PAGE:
As for Car, I have yet to study it further, but when you see it in Hamilcar and his father carried the name of the God for e.g and many Welsh towns like Cardiff Carmarthen etc. apart from dozens of towns throughout Europe like Carvajal Cartagena (Carthage) and in names like Car, Cart, Cardinal, Cardiac, Carrefour etc. and read Professor Higgins, you begin to wonder whether there is no option but to connect it with the same origins. In Sumerian it appears that it refers to the Carians from Caeria and from where the Etruscans said they stemmed from. It is also written that these Carians were the precursors of the Minoans among other important cultures. It would seem therefore that the person he calls Emercar aka Nimrod or Noah was of the same Phoenician God who was associated with the Thistle or Cardo and or the Carians. I therefore humbly suggest that in its pure consonantal form it must surely define racial origin or else a God attribute. Just a thought, but given the scores of objects associated with the Phoenician religious culture, carrying these three letters it would seem to be trying to say something and definitely not Hunter.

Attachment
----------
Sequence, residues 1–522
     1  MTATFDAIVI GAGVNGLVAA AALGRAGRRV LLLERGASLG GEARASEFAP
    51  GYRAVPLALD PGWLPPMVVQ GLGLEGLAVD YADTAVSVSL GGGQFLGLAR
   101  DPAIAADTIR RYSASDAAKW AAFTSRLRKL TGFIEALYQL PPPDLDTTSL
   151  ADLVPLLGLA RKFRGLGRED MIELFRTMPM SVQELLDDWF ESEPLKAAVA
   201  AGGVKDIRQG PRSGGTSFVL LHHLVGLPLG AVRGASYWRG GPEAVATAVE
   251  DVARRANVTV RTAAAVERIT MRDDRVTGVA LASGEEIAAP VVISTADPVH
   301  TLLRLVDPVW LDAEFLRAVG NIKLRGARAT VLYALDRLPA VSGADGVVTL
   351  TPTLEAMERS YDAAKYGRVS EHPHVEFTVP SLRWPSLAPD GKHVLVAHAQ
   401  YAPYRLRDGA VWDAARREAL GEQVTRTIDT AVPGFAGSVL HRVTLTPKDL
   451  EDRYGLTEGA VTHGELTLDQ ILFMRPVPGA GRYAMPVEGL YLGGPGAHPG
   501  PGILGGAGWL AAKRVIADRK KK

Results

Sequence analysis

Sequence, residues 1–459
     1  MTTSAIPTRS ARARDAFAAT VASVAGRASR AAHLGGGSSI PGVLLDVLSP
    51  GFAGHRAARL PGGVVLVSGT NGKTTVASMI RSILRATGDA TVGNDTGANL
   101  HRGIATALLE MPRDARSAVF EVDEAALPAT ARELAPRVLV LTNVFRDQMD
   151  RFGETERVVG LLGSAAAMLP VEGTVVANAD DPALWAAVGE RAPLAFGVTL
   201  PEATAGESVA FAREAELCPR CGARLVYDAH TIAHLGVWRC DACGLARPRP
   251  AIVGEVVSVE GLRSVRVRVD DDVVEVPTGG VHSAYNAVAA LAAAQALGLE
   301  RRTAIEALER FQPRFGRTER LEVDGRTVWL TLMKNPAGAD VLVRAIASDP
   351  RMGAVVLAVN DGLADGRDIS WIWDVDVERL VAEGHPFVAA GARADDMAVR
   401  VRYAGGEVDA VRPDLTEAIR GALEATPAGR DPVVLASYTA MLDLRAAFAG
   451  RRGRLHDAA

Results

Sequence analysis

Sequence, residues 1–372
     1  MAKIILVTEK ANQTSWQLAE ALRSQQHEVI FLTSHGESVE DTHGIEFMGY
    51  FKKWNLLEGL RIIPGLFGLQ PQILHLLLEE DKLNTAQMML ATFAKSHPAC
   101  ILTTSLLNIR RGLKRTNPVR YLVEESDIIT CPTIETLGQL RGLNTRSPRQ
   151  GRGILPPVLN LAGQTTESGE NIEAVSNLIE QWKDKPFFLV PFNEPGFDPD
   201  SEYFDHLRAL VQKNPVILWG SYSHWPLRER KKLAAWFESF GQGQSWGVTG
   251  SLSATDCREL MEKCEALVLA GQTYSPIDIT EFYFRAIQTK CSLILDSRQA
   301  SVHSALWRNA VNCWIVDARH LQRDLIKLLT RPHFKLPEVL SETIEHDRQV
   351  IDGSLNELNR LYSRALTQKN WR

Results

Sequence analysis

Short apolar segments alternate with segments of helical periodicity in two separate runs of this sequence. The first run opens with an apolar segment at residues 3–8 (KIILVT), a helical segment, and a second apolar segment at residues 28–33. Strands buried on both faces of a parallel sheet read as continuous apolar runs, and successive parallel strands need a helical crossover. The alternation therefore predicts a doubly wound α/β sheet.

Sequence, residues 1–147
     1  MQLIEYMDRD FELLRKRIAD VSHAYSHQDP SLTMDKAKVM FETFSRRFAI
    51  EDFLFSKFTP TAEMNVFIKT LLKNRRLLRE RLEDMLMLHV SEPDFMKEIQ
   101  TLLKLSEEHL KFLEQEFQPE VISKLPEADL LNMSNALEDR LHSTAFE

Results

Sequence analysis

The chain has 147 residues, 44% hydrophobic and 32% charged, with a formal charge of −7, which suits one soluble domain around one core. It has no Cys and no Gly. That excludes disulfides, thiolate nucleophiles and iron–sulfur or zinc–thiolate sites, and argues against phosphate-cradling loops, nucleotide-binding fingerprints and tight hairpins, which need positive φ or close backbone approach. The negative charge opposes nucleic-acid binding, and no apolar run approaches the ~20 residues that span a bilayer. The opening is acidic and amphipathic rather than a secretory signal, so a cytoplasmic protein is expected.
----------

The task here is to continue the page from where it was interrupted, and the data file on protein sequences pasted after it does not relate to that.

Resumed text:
8. Dr. Rohl,
    If you think the Bible is a credible source for history, what do you think of 1 Kings 9:26 which says "Yam Suph" is a sea deep enough to sail ships, and is the Gulf of Aqaba?

  9. Dr. Rohl, Having studied Egyptian and biblical history for over 50 years, and having been a Velikovsky fan while seeing his obvious weaknesses, I admire the scholarship behind your thesis. I have long been especially suspicious of the Greek "Dark Ages" espoused by J.B. Bury and the C.A.H. third ed. Colin Humphrey's work on Exodus is marvelous. He admires your work but disagrees. I have yet to see a creditable refutation by any C.C. Egyptiologist. Just curious about the latest on this whole issue.